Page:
SkyCity honing innovation strategy to remain relevant

Article – BusinessDesk

SkyCity honing innovation strategy to remain relevant

By Rebecca Howard

Aug. 10 (BusinessDesk) – SkyCity Entertainment Group is honing its innovation strategy, looking at everything from facial recognition to online casinos, in a bid to stay on top of emerging trends, says chief executive Graeme Stephens after presenting his first annual result since taking the job last May.

“We all have to look to the future to make sure we remain relevant,” he said. “Our real competition is entertainment, other forms of entertainment. A lot of the new entertainment forms in the world are in that futuristic digital space so if we are going to remain relevant in the world of entertainment we also have to understand that space,” said Stephens.

SkyCity’s board recently travelled to Silicon Valley to see first hand the potential changes likely to impact the gaming and entertainment sectors in the coming years.

“There’s a lot of innovation out there and it’s not all about inventing it but also about staying abreast of it,” Stephens said. SkyCity now has a dedicated innovation team and since Stephens took the helm “there has been greater emphasis on that space, greater gravitas on what that team is doing,” he said.

Online casinos could have a direct impact on SkyCity’s core business and “it’s about when (they come) not whether” he said. “Developing an online strategy, which might encompass an online casino and other forms of entertainment. I think it’s the right thing to be doing,” he said. “We are not the only ones doing it.”

SkyCity’s innovation team is not just focused on artificial intelligence and virtual reality but “there are all sorts of innovation in our existing businesses,” Stephens said. The team is looking at ways for people to access their hotel rooms and “facial recognition is becoming a thing that’s available” he said.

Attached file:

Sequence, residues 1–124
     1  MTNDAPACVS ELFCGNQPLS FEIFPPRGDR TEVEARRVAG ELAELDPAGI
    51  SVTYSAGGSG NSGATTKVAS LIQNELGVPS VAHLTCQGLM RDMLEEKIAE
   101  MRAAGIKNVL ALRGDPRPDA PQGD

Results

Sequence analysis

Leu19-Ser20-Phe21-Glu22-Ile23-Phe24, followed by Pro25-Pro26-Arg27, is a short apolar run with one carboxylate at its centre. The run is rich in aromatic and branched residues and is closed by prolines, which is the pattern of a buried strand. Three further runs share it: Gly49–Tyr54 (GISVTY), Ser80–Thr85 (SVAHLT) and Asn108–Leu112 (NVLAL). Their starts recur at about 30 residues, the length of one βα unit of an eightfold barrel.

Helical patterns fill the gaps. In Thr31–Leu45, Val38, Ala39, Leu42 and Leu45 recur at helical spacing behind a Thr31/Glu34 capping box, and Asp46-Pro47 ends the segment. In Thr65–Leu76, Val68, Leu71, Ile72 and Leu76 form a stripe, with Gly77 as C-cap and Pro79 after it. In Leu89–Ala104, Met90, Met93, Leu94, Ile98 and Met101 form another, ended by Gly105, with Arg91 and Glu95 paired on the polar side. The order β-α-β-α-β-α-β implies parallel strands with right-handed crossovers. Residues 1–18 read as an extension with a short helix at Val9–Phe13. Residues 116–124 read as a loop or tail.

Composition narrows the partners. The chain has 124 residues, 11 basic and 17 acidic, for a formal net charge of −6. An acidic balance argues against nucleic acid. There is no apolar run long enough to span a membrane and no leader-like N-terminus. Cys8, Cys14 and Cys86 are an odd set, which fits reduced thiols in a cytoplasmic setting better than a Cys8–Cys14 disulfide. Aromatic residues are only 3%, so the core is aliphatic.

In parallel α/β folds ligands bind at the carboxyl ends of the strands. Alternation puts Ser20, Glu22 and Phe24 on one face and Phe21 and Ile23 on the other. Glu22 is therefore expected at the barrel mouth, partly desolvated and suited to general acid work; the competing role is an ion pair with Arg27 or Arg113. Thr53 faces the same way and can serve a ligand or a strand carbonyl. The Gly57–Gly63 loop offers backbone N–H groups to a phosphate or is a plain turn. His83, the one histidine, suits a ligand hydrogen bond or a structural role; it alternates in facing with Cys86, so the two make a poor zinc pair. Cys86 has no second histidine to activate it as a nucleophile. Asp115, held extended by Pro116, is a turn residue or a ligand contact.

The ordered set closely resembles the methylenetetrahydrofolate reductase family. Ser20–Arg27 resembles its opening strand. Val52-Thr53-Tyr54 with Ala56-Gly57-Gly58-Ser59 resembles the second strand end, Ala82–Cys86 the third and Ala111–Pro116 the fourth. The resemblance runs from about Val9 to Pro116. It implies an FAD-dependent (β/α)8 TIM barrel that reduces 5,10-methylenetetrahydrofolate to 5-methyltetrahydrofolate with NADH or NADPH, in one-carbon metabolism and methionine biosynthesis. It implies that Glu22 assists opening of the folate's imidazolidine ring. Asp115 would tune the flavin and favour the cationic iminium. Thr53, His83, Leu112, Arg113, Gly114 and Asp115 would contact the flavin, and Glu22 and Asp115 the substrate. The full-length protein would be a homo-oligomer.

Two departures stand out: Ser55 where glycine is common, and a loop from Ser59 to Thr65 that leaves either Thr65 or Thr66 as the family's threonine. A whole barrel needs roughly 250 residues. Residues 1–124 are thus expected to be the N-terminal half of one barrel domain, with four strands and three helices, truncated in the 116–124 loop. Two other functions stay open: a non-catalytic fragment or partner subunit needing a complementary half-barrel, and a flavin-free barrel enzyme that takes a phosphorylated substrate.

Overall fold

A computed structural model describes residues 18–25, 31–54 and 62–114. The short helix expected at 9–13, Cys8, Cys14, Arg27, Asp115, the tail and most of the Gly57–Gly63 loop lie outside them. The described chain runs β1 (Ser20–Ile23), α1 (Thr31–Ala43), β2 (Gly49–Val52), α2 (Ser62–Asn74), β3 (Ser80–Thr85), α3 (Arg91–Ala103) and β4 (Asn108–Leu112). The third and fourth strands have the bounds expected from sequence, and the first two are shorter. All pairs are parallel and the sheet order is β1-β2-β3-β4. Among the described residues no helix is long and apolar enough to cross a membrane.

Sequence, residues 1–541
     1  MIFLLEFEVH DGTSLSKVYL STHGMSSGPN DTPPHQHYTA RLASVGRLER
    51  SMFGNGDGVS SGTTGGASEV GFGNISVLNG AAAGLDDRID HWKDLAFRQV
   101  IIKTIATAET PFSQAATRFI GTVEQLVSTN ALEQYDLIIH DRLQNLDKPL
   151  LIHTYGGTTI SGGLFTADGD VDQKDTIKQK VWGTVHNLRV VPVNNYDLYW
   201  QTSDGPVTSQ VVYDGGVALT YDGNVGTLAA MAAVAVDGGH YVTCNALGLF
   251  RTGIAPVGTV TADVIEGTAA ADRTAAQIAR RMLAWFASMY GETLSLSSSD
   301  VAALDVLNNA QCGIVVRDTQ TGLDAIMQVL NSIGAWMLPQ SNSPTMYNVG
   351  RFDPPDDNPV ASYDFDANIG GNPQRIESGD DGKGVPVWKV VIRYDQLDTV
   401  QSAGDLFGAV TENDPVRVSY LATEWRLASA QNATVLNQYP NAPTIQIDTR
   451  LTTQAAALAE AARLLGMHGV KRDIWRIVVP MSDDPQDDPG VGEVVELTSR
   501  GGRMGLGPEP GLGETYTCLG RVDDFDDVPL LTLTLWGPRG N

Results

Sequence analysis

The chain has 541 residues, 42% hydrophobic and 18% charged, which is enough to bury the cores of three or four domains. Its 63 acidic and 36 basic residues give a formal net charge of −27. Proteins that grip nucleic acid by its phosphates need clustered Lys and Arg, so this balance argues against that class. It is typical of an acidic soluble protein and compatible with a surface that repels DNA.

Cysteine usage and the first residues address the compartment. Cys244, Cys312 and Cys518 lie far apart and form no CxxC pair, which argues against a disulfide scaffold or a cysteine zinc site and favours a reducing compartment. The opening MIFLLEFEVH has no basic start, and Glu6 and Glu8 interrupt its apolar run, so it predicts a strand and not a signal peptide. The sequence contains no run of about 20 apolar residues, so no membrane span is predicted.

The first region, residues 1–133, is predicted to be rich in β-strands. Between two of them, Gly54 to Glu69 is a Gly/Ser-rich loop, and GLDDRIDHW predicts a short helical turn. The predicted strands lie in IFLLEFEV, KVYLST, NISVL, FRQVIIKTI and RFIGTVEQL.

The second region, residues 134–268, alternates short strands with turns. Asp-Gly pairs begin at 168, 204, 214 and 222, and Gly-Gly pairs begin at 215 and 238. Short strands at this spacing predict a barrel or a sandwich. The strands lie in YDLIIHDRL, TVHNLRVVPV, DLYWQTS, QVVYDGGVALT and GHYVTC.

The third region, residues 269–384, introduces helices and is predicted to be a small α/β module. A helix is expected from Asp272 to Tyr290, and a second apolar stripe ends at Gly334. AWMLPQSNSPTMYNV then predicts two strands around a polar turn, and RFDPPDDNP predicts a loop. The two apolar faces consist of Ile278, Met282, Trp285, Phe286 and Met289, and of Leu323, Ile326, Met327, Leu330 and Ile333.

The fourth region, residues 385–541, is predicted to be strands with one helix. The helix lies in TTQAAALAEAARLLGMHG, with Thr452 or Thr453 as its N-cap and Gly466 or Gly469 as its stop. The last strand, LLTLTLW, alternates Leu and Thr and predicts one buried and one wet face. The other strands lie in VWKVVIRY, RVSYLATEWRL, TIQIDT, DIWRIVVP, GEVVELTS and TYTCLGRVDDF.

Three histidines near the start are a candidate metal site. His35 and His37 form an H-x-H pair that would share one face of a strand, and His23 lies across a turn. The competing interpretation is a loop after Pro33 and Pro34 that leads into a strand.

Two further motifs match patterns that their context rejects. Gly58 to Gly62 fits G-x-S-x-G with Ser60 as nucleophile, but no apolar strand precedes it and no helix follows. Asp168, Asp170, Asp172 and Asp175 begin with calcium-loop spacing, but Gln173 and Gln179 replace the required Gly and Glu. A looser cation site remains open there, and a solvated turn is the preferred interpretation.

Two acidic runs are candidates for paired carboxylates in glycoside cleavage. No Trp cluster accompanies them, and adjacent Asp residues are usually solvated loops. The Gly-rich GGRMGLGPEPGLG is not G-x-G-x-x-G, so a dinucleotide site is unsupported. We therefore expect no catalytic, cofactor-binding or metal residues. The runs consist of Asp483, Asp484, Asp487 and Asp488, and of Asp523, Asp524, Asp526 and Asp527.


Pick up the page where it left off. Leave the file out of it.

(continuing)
The team is also looking at chatbots, which is when a person phones to complain and gets a robot, something Stephens said not everyone is fond of. They are also looking at different apps that let customers book a restaurant en route and be informed about the length of the queue, the wait time and a possible alternative restaurant.

“The team is tasked with understanding our world, and not just the gaming aspect of it,” he said. SkyCity – which has casinos in Auckland, Hamilton and Queenstown in New Zealand and Darwin and Adelaide in Australia – has the advantage of being able to trial different things in its smaller properties first or in certain segments of properties.

“We must become early adopters of whatever is going to improve our business,” he said.

On the gaming front, he said any innovation is subject to significant regulatory control before it can be implemented but noted major strides in technology have been made from a gaming surveillance and control point of view.

He said the cards all have unique numbers that are recognised by card readers. It can signal if a dealer has made a mistake and ring a bell in surveillance to put immediate focus on the issue. Chips are all tagged “so you know where each chip is” and the cameras that are being used have incredible detail compared to what they did even five years ago, said Stephens. “Technology is absolutely helping the business.”

On Wednesday, SkyCity reported a 1.3 percent increase in normalised net profit to $154.6 million in the year ended June 30, while normalised revenue dropped 4.9 percent to $1.03 billion.

Stephens noted the market was disappointed with the result and said that also “reflects the internal mood.” June trading was weaker than expected and that impacted the year. The company said it is expected “modest” growth across most of its business in the current financial year, something Stephens said was “mid single figure growth.”

That has “been the trend over the last couple of months. It hasn’t really changed much in the first weeks of trading,” he said.

SkyCity shares recently fell 0.8 percent at $3.92 and has lost around 17 percent over the past 12 months.

(BusinessDesk)

Content Sourced from scoop.co.nz
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